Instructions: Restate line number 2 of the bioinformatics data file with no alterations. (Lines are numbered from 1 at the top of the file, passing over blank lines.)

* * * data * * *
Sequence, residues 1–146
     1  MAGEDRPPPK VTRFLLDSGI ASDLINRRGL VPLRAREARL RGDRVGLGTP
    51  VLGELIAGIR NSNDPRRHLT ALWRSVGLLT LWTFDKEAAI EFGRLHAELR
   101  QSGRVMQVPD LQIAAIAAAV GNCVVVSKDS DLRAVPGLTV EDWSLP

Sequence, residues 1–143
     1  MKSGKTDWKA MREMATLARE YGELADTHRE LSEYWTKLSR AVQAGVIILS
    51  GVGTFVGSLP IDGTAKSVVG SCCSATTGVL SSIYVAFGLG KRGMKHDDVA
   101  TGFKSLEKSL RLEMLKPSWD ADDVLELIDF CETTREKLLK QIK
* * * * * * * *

     1  MAGEDRPPPK VTRFLLDSGI ASDLINRRGL VPLRAREARL RGDRVGLGTP